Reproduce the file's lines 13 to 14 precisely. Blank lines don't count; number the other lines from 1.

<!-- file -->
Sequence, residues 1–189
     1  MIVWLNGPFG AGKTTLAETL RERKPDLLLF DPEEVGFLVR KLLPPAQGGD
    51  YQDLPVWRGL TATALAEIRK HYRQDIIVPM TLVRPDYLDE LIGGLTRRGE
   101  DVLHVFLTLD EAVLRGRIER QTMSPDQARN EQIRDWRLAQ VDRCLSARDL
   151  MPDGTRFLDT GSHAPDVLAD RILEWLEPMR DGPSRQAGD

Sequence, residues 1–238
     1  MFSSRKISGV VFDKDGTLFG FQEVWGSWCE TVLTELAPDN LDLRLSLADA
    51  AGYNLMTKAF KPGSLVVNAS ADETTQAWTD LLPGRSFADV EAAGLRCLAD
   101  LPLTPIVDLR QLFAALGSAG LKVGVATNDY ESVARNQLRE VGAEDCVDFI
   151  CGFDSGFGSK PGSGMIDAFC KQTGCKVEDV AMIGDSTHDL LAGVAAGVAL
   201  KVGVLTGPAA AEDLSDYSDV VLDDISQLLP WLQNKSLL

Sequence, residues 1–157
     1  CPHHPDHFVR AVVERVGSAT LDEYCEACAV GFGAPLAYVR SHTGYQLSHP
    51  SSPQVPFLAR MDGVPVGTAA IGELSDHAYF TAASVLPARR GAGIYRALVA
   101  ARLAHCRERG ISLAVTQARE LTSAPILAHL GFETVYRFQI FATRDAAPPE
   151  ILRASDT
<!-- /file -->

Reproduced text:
     1  CPHHPDHFVR AVVERVGSAT LDEYCEACAV GFGAPLAYVR SHTGYQLSHP
    51  SSPQVPFLAR MDGVPVGTAA IGELSDHAYF TAASVLPARR GAGIYRALVA